Everyone seems to adore the new Grinderman album. The band, if you are not familiar with them, is basically a stripped down version of Nick Cave and the Bad Seeds, and features Nick Cave, who has decided that he should grow a ridiculous handlebar moustache, Warren Ellis, Jim Sclavunos, and Martyn Casey. Their new self-titled CD is getting great reviews as people are likening this project to the Birthday Party, Nick Cave’s vitriolic first band. The truth, however, is that this group couldn’t be further from the fury and intensity that defined the Birthday Party. It was destitution, youthful angst and copious amounts of drugs that drove them at their core. Grinderman is nothing of the kind. In many ways, they are the opposite of the Birthday Party, as Nick Cave is fairly uninspired, wealthy, drug free and pretty much has nothing to say these days, so he relies on mundane catch phrases and jokes in the place of the his first group’s glorious, often psychotic prose.
The reason that the new band is garnishing comparisons to the Birthday Party is because their music is a little bit more aggressive than much of Nick Cave and the Bad Seeds’ recent material. Most of the record reached fruition after the band played back various rehearsal sessions that were recorded early in 2006. Taking loops and other ideas from these practice sessions helped them to create a more spontaneous album. This was an exciting departure from their usual work ethic, where Nick Cave goes to his office and spends hours writing songs that he later presents to the Bad Seeds for arrangement purposes. Thus, Grinderman includes more direct songwriting involvement from the other three band members. In addition, Nick Cave plays guitar on the record, which is something that he has very rarely done in the past so that adds another dynamic.
Musically speaking, the album has some great songs. Warren Ellis adds a heap of dissonance to the tracks with his frequently overdriven violin, viola and electric bouzouki. The bass playing of Martyn Casey is characteristically cool and groove oriented. However, missing from Grinderman are two essential Bad Seeds: Cave’s career long cohort Mick Harvey and drummer Thomas Wydler. On the record, drummer Jim Sclavunos lacks the intricate sophistication that Wydler adds to the Bad Seeds with his jazzy style of playing. Also, having multi-instrumentalist Harvey out of the picture further damages this group’s ability to come up with any ornate song arrangements. So, what we get here is a fairly basic garage band sound that is a welcome change as far as side projects go, even if the music is more impulsive and less well crafted than that of the Bad Seeds.
The real letdown with this record though is Nick Cave. The lyrics in this album are awful and the song titles are stupid to the point of making them sound like they should be Jennifer Love Hewitt songs. Examples of some of the song titles are “Love Bomb,” “Get it on,” “Honey Bee (Let’s Fly to Mars),” and “Depth Charge Ethel.” This is absolutely terrible coming from an intelligent man who used to be known for the literature that was the foundation of his songwriting. Where Nick Cave was once poetic, now his songs are wrought with lame jokes. In the Bad Seeds, he possessed a canyon of black humor and now he only provides quickly forgettable teenage tag lines. It is hard to believe that the songs of Grinderman were penned by the same person who was responsible for such great albums as The Firstborn is Dead, Your Funeral, My Trial and The Boatman’s Call. Even the picture of the monkey on the cover of the record is embarrassing. It forces the music to have an artless feel to it before you even put it on the stereo.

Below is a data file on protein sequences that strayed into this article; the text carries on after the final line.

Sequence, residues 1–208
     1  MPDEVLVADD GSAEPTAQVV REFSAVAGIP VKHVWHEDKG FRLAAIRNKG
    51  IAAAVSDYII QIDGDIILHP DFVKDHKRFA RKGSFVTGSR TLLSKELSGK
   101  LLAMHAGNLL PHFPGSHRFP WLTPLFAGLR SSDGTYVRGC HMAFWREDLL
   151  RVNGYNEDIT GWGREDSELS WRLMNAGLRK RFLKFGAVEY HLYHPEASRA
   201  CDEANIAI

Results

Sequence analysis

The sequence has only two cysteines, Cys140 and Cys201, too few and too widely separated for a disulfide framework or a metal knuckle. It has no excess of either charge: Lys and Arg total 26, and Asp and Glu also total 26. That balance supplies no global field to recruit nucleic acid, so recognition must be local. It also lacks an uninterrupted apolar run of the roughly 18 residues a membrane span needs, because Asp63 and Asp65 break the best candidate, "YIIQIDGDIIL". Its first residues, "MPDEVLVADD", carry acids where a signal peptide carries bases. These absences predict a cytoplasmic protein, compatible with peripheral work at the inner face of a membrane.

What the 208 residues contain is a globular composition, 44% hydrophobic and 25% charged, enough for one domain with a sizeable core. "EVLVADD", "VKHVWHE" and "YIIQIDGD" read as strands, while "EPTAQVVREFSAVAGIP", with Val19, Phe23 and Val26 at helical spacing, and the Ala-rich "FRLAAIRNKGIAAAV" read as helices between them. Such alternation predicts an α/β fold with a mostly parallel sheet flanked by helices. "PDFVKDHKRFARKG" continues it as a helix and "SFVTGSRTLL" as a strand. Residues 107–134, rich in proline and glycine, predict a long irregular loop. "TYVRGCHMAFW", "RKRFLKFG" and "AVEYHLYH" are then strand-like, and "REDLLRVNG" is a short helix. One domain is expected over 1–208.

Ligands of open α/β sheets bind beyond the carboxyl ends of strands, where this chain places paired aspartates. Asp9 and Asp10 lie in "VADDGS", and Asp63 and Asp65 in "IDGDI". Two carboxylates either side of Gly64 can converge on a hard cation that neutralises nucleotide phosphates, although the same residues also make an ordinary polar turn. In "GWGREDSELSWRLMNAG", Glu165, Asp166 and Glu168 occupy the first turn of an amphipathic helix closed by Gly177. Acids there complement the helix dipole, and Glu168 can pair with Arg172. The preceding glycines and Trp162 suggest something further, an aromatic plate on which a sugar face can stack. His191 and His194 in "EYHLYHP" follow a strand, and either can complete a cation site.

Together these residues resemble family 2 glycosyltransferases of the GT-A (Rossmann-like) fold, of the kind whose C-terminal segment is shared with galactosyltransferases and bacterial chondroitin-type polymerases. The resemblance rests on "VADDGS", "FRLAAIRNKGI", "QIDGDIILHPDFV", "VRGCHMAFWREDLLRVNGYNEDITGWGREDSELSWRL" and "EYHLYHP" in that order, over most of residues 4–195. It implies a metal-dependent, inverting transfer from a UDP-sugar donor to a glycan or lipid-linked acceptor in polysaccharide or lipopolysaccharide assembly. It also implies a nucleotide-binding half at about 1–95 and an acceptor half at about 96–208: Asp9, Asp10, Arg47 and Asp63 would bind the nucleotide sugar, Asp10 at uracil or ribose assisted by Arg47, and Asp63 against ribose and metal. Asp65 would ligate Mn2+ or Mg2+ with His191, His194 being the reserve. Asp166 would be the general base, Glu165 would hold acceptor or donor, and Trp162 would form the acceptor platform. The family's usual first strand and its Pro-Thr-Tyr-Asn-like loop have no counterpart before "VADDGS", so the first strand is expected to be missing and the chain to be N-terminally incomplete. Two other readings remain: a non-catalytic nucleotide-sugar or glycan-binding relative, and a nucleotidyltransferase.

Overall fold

There are still some good songs on here though that make the CD listenable. “Electric Alice” contains a short, simple lyric reminiscent of modern Bad Seeds that is one of the few non-cringeworthy ones on the album. The surreal sliding bass, wah guitar and smooth drumming provide a fitting soundtrack to the unelaborated lyric. The song “Grinderman” is a slow, discordant dirge with another short lyric where Cave does avoid awkward, macho humor. Both of these tracks are satisfying, but they are among the shortest on the record. “(I Don’t Need You to) Set me Free” has a nice melody that is similar to something from Abattoir Blues, but the lyrics are worthy of a basic 1970’s radio anthem. “When my Love comes Down” also follows a similar pattern to the former. The lyrics here are actually not too bad until the chorus, where the silly title is repeated. Musically, it is one of the better Grinderman tracks. The cavernous drums and noisy guitar playing make this one of the more memorable songs on the release.
This record is mixed up in many ways. When it is good, it is pretty good. The musical approach adds a freshness that makes it more immediate for the uninitiated. Nick Cave’s singing sounds more like him during his better days with the Bad Seeds. On some of the more recent Bad Seeds albums, he has tried to alter his voice a little, which did not work so well. During the times when the album is bad though, as it often is, it is terrible. Cave’s lyric writing has suffered tremendously over the past ten years and his humor has become too bland and obvious. At times Grinderman even sounds like a parody of Nick Cave and the Bad Seeds, which does not warrant much repeated listening. The recent Abattoir Blues/The Lyre of Orpheus double CD was pretty solid, but Grinderman probably ranks down there with the worst of Cave’s releases, Nocturama, from 2003. This record sounds more like a whirlwind of Nick Cave in a mid-life crisis than it does like an energetic return to form. Their recently released collection of songs is mediocre at best, mainly because the lyrics lack the skill that Nick Cave is capable of writing. The album’s goofy sleeve design and asinine song titles prove that it may be true that you can judge a book by its cover after all.